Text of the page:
Wanted for Pakistan: A Turksourcing Plugin for Crisis Mapping

A few days after the Haiti earthquake, Ushahidi‘s Brian Herbert set up a dedicated website to crowdsource the translation and geo-location of text messages from Haitian Kreyol to English. This allowed thousands of volunteers from across the globe to help out in the disaster response. We need something similar for crisis mapping Pakistan but Mechanical Turk style.

I coined the term “turksourcing” a while back to mean crowdsourcing applied to micro-tasks. See this previous blog post for a quick introduction. A colleague from Pakistan recently launched this Crowdmap and short code to map flood related incidents. What I’d really like to see happen now is the development of a Turksourcing plugin for this and any other crisis mapping initiatives in Pakistan.

The idea would be to set up a simple website where incoming text messages could be pushed to for tagging and geo-location. Volunteers would use their email address and a password to access the platform. Once they login, they simply select an incoming SMS which they tag based on pre-set categories like those displayed on the Crowdmap for Pakistan. Volunteers would also map the location of the incident being reported. They would then press submit and move on to the next text message.

Each SMS would have to be validated by 3 or 5 volunteers before being officially mapped. This means that a given text message is only mapped if 3+ volunteers have each assigned the SMS the same tag(s) and approximate location. This is to ensure the quality of the data. If a given user consistently mis-tags/geo-locates incoming text messages, their contributions could be automatically ignored. (As opposed to barring them from the system which would prompt them to try and game it some other way).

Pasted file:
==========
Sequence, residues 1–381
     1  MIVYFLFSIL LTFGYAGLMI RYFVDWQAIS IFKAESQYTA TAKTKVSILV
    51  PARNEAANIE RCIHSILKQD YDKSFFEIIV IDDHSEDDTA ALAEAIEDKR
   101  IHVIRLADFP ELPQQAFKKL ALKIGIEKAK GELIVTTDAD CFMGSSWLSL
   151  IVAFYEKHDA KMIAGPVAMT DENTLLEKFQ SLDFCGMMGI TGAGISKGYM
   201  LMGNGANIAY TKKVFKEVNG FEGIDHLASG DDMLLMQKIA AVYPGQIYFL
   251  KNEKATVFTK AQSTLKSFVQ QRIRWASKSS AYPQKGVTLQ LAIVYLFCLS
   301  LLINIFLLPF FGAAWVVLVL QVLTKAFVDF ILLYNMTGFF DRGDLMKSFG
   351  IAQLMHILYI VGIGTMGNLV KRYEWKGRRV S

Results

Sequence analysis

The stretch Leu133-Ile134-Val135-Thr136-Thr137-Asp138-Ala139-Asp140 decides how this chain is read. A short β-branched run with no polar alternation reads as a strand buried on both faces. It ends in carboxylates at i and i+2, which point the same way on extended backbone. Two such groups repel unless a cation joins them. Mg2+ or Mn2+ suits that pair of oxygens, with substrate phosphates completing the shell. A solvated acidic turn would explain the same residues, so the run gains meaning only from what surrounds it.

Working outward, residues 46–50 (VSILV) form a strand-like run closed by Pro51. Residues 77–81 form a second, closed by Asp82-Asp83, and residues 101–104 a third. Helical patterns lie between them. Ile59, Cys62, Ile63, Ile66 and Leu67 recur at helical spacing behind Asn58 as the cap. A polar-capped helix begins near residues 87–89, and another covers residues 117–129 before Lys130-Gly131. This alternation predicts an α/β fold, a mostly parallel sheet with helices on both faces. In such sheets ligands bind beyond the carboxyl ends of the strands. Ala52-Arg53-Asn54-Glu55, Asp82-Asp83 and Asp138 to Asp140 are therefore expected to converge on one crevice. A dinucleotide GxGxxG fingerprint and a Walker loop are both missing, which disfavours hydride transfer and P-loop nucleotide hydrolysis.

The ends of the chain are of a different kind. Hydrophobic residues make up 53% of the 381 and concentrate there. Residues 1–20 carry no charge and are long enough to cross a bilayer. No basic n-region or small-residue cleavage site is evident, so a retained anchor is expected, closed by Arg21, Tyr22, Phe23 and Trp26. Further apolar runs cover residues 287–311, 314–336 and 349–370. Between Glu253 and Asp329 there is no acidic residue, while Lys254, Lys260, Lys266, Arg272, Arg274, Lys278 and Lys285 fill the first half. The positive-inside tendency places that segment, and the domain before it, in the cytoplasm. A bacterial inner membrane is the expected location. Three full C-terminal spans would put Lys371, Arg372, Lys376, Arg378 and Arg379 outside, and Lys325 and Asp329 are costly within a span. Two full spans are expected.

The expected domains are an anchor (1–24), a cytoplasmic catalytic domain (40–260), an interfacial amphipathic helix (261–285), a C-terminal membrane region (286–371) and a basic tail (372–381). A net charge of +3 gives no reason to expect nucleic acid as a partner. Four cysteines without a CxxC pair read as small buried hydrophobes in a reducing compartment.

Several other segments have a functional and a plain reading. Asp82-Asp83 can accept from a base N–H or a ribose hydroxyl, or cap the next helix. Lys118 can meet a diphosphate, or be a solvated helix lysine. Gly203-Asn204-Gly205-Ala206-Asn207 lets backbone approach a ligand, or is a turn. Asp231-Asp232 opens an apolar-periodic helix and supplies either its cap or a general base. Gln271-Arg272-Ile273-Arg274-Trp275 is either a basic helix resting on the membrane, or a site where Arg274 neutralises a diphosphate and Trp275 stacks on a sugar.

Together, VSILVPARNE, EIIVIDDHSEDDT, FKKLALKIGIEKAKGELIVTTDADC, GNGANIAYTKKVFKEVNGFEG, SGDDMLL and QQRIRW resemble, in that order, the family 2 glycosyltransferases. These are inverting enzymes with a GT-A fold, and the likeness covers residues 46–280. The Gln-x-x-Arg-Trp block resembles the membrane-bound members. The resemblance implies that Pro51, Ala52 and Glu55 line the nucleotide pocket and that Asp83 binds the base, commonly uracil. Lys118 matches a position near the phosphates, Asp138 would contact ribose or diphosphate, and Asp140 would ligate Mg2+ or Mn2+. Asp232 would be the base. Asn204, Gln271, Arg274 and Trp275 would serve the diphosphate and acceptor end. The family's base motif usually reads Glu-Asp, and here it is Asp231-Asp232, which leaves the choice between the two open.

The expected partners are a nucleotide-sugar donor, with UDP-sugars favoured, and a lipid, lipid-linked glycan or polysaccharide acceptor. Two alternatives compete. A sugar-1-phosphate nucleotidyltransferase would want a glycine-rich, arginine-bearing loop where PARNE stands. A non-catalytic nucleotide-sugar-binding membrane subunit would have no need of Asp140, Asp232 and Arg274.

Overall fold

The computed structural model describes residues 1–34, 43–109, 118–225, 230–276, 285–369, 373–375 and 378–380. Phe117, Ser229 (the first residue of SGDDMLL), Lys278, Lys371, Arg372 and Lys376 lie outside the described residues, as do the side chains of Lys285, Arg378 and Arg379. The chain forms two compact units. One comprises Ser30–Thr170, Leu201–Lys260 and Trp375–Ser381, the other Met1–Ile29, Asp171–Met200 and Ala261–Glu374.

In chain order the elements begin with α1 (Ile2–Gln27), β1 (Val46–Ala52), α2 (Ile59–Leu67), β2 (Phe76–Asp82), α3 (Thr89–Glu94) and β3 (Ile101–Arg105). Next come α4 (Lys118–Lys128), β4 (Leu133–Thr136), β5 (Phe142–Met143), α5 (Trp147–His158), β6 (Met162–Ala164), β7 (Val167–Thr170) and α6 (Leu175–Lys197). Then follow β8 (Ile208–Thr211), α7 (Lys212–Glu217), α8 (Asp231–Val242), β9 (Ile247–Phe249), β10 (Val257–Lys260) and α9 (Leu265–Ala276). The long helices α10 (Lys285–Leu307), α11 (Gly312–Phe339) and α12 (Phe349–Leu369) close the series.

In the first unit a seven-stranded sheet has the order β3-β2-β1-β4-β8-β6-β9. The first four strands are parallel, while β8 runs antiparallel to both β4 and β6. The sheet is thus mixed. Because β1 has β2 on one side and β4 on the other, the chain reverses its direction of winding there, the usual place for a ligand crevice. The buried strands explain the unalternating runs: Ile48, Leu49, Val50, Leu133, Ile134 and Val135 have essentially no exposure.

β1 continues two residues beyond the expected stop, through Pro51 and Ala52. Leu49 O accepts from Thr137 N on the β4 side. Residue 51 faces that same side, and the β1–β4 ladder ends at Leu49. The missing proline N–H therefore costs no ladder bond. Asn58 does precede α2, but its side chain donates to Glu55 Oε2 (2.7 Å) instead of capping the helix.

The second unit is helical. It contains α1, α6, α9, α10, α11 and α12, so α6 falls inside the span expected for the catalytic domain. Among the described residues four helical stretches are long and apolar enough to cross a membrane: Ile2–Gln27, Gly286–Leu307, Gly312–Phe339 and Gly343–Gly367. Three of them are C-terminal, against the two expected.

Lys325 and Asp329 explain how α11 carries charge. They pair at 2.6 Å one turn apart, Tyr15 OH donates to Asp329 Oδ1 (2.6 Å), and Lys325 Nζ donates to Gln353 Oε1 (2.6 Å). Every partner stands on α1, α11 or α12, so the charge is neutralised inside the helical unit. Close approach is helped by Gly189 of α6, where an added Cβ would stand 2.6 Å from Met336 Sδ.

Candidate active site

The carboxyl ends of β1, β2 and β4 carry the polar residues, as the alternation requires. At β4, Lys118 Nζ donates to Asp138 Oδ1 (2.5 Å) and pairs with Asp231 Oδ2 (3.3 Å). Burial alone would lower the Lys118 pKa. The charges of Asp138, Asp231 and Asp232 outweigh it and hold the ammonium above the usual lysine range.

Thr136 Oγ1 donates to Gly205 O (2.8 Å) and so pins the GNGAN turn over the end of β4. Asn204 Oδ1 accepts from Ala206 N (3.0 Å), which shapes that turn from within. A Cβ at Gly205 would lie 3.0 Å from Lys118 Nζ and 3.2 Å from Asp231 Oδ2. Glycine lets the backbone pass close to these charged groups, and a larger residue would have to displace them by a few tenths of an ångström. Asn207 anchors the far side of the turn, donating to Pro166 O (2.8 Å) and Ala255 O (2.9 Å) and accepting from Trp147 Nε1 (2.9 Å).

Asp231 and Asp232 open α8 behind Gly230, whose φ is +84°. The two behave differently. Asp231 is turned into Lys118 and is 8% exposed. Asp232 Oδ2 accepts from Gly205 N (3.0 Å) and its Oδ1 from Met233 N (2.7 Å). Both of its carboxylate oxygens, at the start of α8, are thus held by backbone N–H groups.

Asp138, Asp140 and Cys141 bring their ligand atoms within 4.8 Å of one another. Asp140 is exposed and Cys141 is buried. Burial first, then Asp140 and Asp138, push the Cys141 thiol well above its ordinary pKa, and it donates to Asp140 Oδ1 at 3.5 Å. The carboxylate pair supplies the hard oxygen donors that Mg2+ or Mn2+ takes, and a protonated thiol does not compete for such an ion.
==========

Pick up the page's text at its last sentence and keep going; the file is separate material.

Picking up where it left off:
Volunteers could also be awarded points for each correctly tagged and geo-located SMS. A public scoreboard could be displayed with the rank of most prolific volunteers to create further incentives to help out by rewarding turksourcing efforts. This introduces a gaming component to crisis mapping as I blogged about here. Colleagues of mine with Revision Labs in Seattle have termed  this “Playsourcing”.

The map below represents the location of volunteers who helped out with the Kreyol text messages in January. There’s no reason why we can’t rally volunteers around the world to do the same for the 20 million affected Pakistanis.

I have touched base with friends at Stanford, Crowdflower and with CrisisCommons and hope someone will be able to develop a quick turksourcing plugin for crisis mapping Pakistan and future disasters. Please do get in touch if you have bandwidth to take this on or help out. My email address is patrick at irevolution dot net.

13 responses to “Wanted for Pakistan: A Turksourcing Plugin for Crisis Mapping

  1. Patrick,

    As the ‘turksourcing’ tools come online, one community to possibly look into is the large digital Pakistani diaspora that is currently very active among Google MapMaker users.

    Here is the MapMaker Pakistan Facebook page: http://www.facebook.com/GMapsPK

    Here is a story from the Lat/long blog of a recent collaboration with the community for an earlier Pakistan disaster: http://google-latlong.blogspot.com/2010/06/map-makers-respond-to-pakistan.html